YR's Pro Wrestling of the Day

Discussion in 'Off-topic Zone' started by Yakuza Rich, Aug 30, 2017.

  1. Yakuza Rich

    Yakuza Rich Well-Known Member

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    I never had a problem with trashing the belt because it was provoked by Dennis Coralluzzo who was about as low class of a promoter as I've seen. Coralluzzo would frequently advertise wrestlers he knew were not going to show, books shows deliberately running in opposition to ECW, tried to get ECW out of running certain building, taking down fliers, ripping off charities, etc. He was the owner of the belt and did everything to run against ECW until ECW started to develop a real following and was on SportsChannel Philadelphia. Then he wanted ECW to be a full fledged member of the NWA where he would profit from it while doing nothing.

    The NWA was, for all intents and purposes, dead at the time. There were no real territories outside of USWA and Smoky Mountain was on its last legs. It didn't get revitalized, to a degree, until Dan Severn started to appear on WWF tv.

    It's unfortunate that the NWA title holders like Thesz, Harley, Flair, Dusty, etc. were, by proxy, involved in Shane Douglas throwing down the belt. But Coralluzzo representing the belt did far more damage than Douglas throwing the belt down and declaring the NWA dead, for good. It really wasn't a 'cool' thing as much as it was the NWA...which was headed by Coralluzzo, getting what they deserved. As fan, I can tell you that me and my friends never thought about the rebellion/coolness of the throw down. It was more about karma hitting Coralluzzo smack dab in the face for the world to see.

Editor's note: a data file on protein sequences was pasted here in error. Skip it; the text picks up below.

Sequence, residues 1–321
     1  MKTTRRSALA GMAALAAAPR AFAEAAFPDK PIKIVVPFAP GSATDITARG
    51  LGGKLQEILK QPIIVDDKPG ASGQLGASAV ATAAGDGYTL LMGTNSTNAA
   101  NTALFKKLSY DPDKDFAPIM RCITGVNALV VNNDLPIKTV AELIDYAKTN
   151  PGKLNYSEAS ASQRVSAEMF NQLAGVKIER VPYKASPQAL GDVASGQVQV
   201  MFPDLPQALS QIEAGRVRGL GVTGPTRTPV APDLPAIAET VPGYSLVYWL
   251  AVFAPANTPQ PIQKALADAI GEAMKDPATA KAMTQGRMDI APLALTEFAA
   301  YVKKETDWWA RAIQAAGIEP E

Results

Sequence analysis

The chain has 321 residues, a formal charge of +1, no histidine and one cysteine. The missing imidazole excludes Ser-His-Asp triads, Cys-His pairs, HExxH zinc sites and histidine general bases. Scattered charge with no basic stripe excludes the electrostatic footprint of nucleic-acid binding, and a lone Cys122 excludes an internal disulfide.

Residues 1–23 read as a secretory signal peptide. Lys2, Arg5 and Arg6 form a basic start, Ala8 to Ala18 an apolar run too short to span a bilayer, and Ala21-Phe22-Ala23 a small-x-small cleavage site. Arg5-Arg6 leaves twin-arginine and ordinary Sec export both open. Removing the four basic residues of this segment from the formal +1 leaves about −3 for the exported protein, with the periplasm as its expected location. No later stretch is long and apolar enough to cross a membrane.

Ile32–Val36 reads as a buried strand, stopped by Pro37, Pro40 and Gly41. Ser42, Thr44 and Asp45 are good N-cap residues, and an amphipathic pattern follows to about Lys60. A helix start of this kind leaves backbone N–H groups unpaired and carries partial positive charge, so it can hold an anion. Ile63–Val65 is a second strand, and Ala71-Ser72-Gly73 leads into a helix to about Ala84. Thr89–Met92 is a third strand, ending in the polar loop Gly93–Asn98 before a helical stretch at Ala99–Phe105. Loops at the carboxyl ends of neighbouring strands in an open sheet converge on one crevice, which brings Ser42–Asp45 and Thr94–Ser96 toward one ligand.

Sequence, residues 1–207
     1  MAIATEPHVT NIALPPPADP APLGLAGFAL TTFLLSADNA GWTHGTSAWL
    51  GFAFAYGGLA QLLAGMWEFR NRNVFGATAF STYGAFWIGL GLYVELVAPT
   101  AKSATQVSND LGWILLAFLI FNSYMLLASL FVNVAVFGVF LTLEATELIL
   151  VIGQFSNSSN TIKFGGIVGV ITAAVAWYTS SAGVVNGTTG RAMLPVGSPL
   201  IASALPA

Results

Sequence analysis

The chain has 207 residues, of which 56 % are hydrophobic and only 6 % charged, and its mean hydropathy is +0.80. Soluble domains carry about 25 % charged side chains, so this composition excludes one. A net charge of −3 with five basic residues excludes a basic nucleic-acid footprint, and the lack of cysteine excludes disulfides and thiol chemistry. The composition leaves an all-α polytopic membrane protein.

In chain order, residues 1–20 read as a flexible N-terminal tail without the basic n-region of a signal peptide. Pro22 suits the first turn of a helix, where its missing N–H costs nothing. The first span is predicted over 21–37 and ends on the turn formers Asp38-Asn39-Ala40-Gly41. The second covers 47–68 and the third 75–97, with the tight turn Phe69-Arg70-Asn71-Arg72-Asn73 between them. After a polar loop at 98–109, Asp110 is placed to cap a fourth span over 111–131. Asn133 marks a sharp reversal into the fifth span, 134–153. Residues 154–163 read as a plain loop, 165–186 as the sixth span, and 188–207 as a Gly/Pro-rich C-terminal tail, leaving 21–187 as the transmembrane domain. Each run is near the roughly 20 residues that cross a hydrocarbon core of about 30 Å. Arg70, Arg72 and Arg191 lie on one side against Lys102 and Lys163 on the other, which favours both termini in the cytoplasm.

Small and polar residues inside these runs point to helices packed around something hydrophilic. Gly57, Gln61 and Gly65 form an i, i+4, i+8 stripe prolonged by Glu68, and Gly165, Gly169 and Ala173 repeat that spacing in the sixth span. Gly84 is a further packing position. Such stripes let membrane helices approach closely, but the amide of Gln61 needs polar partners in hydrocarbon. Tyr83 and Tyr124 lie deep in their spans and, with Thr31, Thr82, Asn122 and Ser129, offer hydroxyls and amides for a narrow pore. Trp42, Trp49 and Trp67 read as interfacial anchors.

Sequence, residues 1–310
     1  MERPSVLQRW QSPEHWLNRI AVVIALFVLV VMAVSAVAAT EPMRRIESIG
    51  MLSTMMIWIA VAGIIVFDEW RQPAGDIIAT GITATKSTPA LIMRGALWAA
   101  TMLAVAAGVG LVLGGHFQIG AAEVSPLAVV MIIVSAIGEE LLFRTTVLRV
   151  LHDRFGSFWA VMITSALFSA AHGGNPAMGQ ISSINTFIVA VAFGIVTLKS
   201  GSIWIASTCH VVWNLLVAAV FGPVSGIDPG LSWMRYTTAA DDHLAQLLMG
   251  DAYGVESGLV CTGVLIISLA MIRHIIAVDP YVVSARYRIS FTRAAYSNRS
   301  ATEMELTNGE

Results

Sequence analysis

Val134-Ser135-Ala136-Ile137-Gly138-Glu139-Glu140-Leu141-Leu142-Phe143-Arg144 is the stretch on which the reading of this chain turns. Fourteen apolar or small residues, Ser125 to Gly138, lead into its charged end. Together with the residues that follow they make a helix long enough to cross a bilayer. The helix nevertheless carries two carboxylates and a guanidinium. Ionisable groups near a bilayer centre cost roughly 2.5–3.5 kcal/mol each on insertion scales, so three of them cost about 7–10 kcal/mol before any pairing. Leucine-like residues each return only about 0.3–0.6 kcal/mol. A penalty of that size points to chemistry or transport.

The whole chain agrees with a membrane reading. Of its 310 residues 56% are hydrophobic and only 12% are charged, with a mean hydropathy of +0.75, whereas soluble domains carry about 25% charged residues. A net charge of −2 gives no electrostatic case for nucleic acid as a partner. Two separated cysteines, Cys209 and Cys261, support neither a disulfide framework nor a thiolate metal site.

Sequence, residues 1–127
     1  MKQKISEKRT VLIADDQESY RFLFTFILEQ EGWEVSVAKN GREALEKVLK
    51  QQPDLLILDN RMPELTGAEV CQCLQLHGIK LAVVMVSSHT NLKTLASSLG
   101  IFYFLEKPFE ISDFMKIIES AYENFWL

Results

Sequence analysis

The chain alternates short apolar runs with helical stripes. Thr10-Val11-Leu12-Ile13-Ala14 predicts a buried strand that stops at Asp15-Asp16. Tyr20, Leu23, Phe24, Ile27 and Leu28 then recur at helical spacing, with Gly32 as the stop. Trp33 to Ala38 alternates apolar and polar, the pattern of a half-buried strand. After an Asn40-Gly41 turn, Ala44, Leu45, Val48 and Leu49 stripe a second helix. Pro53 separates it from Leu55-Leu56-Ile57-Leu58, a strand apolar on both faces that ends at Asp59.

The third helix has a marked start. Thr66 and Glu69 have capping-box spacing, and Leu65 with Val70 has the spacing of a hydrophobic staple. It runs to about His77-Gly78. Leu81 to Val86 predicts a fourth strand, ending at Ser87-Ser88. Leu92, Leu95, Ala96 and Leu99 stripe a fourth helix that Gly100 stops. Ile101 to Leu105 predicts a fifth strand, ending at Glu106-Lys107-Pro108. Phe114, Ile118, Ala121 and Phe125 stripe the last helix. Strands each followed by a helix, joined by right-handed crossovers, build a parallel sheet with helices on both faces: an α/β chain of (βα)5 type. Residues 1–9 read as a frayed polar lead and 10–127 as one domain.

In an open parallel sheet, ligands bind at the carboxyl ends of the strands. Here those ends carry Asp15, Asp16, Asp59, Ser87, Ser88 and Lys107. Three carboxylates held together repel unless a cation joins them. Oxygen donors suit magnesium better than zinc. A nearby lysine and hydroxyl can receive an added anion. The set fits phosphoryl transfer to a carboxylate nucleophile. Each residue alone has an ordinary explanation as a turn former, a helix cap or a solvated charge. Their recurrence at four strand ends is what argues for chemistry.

Heyman was a pretty brilliant booker early on. He lost me right after Barely Legal as he allowed the fans to work the boys instead of the boys working the fans. When he and Gordon were booking partners, the booking was more subdued. I could write a thesis on what went wrong with ECW, but one of the biggest issues is that he needed to take the ECW Arena shows across the country. The Arena shows were filled with more diverse wrestling and more logical storylines without the overkill of hardcore wrestling. When he got out of the Arena, they just did hardcore wrestling to please the fans (allowing the fans to work them instead of them working the fans). I went to the Elks Lodge twice and regretted it each time. I never regretted going to an Arena show. Completely different mentality from the fans and they were booked completely differently.



    YR
     
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  2. MichaelWinicki

    MichaelWinicki "You want some?" Moderator

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    Agreed that the stuff prior to Barely Legal was better.

    A thesis on the ECW would be interesting!

    It's existence certainly changed the business... Rightly or wrongly.

    Watching the shows in the mid-90s I would have never guessed the promotion would be dead in a just a few more years.
     
  3. Yakuza Rich

    Yakuza Rich Well-Known Member